Fittingly, the next-to-last show in the Ibel gallery focuses on change. (She plans to showcase the works of Sarah Fairchild for the gallery's last exhibit.)

The works of Kurt Lightner, an Ohio native living in New York, examine the ephemeral nature of the rural environment. In previous works, Lightner has called attention to the demise of the family farm and the consequences of urban sprawl.

In his latest body of work, he focuses on debris. At first, the paintings seem to be simple, well-composed abstractions. Only later does one see bits of window and door frames. Clearly, these are the remains of homes wrecked by a natural disaster.

Although the imagery is that of tornado damage in the Midwest, the works are all the more poignant as one considers the destruction of Hurricane Katrina and the recent earthquakes and tsunami in Japan.

In all of Lightner's untitled pieces, the compositions have a delicate, if not fragile, rhythm and movement. Single brushstrokes form fractured boards and walls. Stacked precariously, the destruction is strangely hypnotic. The works allow us to consider the fragility of life - and how the power of nature trumps the plans of humanity.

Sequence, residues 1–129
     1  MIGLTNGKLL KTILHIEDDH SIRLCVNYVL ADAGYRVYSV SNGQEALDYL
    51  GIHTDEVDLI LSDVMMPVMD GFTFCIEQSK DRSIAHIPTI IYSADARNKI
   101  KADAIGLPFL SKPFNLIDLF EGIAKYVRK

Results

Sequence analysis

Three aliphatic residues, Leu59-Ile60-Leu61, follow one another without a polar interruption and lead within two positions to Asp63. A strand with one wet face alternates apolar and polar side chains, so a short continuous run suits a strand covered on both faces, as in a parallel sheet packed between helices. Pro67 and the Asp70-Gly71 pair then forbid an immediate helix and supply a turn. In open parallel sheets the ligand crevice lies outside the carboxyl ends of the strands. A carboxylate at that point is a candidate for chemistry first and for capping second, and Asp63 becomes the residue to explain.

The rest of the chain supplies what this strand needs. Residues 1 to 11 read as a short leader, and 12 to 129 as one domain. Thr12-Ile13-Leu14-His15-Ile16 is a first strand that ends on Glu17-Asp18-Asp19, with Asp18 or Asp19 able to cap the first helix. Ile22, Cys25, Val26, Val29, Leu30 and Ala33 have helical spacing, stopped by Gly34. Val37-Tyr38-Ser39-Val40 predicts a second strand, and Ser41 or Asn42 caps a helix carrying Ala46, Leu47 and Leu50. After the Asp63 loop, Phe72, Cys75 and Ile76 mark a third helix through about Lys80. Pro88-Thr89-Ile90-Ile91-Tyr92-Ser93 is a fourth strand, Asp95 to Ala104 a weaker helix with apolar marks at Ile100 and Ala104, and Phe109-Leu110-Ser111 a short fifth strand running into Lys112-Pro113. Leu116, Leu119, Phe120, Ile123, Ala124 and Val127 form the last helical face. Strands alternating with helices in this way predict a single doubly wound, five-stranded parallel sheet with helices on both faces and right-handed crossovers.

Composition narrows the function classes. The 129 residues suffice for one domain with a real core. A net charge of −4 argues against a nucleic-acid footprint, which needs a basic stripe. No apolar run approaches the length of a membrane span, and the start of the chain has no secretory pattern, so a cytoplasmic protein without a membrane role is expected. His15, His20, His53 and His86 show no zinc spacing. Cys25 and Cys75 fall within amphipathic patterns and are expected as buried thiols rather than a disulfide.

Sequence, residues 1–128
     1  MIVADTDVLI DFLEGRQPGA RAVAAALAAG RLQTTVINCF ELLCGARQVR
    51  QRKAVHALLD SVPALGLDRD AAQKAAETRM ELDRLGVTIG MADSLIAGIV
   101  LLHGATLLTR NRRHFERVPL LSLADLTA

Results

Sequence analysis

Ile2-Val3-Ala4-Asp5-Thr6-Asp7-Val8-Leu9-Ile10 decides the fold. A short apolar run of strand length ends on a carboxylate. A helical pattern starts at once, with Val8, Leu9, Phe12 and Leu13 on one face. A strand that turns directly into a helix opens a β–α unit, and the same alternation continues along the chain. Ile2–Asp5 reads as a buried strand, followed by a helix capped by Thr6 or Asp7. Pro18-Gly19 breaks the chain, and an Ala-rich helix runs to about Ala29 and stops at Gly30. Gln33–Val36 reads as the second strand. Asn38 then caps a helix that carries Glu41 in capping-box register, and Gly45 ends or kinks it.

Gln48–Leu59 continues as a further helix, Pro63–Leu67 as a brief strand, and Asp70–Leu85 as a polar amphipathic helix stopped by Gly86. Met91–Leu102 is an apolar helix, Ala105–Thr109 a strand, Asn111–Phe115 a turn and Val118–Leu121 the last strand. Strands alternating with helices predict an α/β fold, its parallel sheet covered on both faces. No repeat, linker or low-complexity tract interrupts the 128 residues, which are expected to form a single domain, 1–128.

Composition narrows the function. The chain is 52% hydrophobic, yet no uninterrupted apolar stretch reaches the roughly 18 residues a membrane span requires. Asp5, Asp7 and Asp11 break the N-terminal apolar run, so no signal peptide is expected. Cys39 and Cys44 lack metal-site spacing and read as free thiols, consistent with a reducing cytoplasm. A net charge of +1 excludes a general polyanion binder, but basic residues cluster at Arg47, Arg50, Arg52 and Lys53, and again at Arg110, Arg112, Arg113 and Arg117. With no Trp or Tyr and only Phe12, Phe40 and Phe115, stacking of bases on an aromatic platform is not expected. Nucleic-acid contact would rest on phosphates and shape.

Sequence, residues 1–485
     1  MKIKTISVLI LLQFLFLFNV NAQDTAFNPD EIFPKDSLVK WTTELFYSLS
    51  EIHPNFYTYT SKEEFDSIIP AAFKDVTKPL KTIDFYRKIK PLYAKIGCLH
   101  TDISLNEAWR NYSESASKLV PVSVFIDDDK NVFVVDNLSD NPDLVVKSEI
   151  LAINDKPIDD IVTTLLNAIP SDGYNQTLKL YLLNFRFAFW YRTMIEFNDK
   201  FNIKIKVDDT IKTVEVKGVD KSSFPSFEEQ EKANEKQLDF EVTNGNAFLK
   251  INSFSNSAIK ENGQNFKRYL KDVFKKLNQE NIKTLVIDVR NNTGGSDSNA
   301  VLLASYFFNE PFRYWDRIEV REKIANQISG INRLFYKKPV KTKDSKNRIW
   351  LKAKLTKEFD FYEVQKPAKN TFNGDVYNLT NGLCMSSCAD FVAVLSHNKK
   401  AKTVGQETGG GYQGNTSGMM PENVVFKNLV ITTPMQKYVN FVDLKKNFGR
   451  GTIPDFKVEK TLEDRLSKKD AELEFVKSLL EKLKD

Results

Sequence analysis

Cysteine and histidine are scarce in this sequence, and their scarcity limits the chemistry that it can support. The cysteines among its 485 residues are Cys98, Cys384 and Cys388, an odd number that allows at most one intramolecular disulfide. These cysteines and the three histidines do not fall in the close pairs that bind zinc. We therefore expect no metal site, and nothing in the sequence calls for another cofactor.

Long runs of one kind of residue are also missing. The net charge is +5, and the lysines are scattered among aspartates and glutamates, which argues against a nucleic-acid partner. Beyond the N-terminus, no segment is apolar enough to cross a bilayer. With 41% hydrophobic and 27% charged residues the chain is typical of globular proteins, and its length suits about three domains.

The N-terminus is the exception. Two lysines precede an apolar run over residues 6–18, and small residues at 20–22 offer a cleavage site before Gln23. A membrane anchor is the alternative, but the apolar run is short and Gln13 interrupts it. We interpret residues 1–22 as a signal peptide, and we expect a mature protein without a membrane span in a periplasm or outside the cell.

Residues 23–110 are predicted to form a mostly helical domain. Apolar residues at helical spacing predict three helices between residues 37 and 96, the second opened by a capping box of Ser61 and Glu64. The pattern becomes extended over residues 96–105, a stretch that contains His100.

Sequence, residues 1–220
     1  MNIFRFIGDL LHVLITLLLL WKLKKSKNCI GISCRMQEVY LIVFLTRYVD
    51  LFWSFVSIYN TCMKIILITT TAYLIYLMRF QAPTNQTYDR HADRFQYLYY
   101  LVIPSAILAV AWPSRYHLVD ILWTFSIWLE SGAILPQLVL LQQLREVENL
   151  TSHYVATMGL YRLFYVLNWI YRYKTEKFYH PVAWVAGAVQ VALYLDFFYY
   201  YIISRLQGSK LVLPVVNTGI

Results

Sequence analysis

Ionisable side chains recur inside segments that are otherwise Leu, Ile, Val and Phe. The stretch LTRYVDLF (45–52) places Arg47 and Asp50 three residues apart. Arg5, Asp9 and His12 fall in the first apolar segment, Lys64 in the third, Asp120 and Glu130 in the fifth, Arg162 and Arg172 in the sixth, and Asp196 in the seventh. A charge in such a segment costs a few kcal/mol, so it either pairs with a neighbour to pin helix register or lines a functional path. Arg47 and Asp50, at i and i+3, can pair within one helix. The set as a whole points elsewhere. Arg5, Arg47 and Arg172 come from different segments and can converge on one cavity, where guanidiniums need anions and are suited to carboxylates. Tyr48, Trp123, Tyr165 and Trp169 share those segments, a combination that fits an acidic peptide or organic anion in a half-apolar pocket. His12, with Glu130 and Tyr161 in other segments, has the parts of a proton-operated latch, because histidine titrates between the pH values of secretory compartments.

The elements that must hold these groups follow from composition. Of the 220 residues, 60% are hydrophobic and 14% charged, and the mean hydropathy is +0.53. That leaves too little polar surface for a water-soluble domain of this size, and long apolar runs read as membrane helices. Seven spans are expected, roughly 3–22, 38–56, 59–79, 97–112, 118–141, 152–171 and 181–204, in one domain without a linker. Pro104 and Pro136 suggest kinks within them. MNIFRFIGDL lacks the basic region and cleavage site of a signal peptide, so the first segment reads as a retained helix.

Cautionary but serene, Lightner's paintings function as warnings of the unexpected.

Saturday, April 2, 2011

Kurt Lightner - Installation shots / branch details

Kurt Lightner's carved branches

These three works are connected to the large tree project in progress. The branches come from a Box Elder tree cut down on his family farm in Troy Ohio. The carved words are passages from his great-great grandfather's diaries.

Wed. July 31, 1895
2011 Box Elder, 60"
"We finished hauling manure till noon and hauled in all 70 loads then I spread manuere and Charley began to plow in the field north of the house."

Tues.Nov. 6, 1900
2011 Box Elder 60"
"I cleaned out the hen house and hauled one load of stone and 5 of Gravel and the spring and to the stable doors and took off and packed my Bees."

Mon. Jan. 9 - Thurs. Jan. 12, 1899
2011 Box Elder 41"
Mon. Jan 9
"I hauled 2 loads of stone from John Bloughs"
Tues. Jan 10
"I hauled 2 loads of stone."
Wed. Jan 11
"I hauled 2 loads of stone."
Thurs. Jan 12
"I hauled 2 loads of stone."

Artists' Reviews

Check out these wonderful reviews:

Heimir Bjorgulfsson @ CTRL Gallery in Houston:
Praising his 'kind of eccentric interplay between natural and man-made worlds'.
Descirbed as ' As formally lovely as it is endearingly strange, Björgúlfsson's highly original work inspires a multitude of narratives.'

Dan McCleary
LA Times review of show @ Craig Krull